The future of computing is server-based

The number of companies opting to centralize their ICT through server-based computing (SBC) is steadily increasing.

More than half of U.S. businesses are using various elements of SBC in their ICT environment, says Vincent de Lucia, product manager at independent ICT solutions provider, First Technology Pty. Ltd. He says that it's not surprising, as there are numerous benefits to server-based computing.

"Imagine replacing 1,000 networked PCs with 25 network servers and 1,000 server-based computers that never need to be individually upgraded and cost half the price of a standard PC," he says.

"The advantages of server-based computing include companies being more able to control their budgets through cost saving. The solution multiplies the life of old PCs, while enabling them to function on a par with the fastest and newest PCs at no additional cost, saving the company between 30% and 60% percent of its ICT budget." He adds that cost saving is due to reduced support and hardware upgrades, along with lower bandwidth use and employee downtime.

According to De Lucia, the solution also provides for better service and support. Upgrades and new applications can be deployed on centralized servers and made immediately available throughout the enterprise.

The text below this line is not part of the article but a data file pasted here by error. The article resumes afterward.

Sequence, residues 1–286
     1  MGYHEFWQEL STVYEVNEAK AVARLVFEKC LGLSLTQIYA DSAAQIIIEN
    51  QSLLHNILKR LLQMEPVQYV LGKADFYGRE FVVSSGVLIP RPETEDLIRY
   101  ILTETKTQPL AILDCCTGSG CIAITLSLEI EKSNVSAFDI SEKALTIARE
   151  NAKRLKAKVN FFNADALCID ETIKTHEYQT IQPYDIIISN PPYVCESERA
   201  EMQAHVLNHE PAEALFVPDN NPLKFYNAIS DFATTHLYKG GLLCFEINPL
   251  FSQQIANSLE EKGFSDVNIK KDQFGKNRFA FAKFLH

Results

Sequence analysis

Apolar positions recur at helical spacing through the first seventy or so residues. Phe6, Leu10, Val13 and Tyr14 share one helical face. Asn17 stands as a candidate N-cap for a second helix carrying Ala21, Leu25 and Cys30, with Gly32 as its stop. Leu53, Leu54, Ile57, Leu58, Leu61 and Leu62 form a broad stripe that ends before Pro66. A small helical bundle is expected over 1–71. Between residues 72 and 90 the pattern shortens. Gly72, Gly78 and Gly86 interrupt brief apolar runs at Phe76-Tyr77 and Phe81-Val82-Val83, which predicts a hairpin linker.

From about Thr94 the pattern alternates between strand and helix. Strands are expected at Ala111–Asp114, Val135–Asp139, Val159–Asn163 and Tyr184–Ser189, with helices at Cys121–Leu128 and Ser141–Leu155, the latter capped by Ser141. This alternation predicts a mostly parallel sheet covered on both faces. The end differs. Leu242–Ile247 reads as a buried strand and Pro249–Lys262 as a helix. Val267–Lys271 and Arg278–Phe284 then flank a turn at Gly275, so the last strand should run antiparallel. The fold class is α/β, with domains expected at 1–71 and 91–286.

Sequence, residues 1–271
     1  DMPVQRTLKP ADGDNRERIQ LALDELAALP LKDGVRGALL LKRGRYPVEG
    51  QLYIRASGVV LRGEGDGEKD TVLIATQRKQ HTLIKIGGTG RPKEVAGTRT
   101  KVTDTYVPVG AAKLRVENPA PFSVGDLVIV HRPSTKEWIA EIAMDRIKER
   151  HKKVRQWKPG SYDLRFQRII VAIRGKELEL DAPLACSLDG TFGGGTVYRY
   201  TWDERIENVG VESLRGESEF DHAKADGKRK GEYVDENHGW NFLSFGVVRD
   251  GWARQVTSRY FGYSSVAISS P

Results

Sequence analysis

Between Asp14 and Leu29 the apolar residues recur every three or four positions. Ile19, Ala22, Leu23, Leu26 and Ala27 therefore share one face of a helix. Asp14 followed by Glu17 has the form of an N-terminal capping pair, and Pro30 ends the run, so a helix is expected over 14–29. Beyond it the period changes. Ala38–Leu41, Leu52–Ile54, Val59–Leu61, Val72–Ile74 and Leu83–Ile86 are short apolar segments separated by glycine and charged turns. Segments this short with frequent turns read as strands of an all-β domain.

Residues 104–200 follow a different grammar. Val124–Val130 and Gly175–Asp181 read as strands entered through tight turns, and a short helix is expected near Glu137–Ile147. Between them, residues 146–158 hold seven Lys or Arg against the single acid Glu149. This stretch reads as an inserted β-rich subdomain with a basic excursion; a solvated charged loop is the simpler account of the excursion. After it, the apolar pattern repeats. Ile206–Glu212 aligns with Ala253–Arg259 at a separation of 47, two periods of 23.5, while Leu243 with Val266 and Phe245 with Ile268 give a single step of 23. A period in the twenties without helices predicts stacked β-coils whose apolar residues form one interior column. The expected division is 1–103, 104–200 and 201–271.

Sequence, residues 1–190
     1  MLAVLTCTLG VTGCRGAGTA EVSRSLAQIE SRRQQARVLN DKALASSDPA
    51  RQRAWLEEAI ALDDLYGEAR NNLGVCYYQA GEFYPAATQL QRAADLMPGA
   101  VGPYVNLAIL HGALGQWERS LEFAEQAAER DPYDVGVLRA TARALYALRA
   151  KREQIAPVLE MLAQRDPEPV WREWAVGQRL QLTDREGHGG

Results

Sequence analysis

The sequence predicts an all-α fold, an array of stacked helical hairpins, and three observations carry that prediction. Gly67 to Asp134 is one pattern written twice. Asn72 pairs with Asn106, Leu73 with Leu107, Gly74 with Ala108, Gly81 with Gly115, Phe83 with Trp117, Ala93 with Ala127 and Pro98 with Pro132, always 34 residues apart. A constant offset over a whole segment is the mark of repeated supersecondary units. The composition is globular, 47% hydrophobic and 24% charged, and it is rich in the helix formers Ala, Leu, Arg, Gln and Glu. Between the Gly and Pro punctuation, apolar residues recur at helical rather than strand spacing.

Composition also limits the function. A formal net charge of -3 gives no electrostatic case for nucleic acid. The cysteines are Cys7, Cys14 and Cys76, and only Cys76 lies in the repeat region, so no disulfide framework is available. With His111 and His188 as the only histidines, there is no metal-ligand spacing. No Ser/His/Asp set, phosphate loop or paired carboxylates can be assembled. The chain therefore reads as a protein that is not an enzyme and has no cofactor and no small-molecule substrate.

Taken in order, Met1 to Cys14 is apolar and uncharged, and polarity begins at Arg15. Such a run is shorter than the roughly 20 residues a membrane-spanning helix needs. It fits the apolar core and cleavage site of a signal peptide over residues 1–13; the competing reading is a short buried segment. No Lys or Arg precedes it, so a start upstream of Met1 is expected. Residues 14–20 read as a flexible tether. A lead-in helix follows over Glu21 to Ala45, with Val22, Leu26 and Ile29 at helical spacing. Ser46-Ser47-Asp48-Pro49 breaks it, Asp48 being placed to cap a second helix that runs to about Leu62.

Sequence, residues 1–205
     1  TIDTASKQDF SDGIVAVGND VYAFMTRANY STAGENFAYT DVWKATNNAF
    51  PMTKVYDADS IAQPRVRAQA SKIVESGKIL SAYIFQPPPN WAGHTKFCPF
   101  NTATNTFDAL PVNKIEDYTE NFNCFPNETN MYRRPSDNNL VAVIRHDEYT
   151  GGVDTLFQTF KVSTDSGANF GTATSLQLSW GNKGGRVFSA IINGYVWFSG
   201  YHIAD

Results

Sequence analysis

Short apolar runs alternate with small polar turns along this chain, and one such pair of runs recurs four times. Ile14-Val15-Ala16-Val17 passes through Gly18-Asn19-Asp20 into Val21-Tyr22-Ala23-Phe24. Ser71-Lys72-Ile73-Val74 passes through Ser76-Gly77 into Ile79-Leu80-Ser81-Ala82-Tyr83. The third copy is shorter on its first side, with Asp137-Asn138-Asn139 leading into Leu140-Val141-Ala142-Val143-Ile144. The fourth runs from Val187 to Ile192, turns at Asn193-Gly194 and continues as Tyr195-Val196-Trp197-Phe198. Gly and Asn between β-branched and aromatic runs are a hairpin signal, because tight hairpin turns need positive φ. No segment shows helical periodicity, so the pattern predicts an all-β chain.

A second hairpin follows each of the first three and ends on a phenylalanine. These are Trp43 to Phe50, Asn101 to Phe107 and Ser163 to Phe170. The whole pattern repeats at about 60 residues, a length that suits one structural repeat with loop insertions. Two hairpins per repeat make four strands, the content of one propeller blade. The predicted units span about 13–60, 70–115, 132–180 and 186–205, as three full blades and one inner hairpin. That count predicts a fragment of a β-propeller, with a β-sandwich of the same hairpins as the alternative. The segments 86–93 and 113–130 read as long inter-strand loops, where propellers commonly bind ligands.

He points out that users have less access to information and data that may corrupt a workstation's operations. Administrators can also monitor and control user access to applications and information to prevent access to sensitive data or to limit access to only certain days of the week or times of the day.

De Lucia adds that less employee downtime increases productivity, as users are not tied to any one machine. "When a workstation fails or goes off-line, users can change workstations without losing any information."

In the event of planned or unplanned systems downtime, SBC can provide uninterrupted access to enterprise applications and data. In addition, there is better support for remote offices, De Lucia says. Administrators and support staff can view and monitor all of the users' actions. When a user calls for assistance, the engineer can see what activity is taking place on the user's workstation and even talk them through fixing the problem.

Another benefit is that users can view large files remotely that are too big or impossible to transfer over the network.

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